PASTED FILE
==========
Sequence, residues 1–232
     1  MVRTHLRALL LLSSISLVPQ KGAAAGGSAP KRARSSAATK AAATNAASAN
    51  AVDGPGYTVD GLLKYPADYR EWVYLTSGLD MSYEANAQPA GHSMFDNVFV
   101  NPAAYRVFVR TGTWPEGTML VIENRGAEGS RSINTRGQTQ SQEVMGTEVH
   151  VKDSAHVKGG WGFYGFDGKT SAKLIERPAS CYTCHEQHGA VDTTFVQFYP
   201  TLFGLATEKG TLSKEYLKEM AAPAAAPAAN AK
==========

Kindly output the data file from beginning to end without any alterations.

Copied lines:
Sequence, residues 1–232
     1  MVRTHLRALL LLSSISLVPQ KGAAAGGSAP KRARSSAATK AAATNAASAN
    51  AVDGPGYTVD GLLKYPADYR EWVYLTSGLD MSYEANAQPA GHSMFDNVFV
   101  NPAAYRVFVR TGTWPEGTML VIENRGAEGS RSINTRGQTQ SQEVMGTEVH
   151  VKDSAHVKGG WGFYGFDGKT SAKLIERPAS CYTCHEQHGA VDTTFVQFYP
   201  TLFGLATEKG TLSKEYLKEM AAPAAAPAAN AK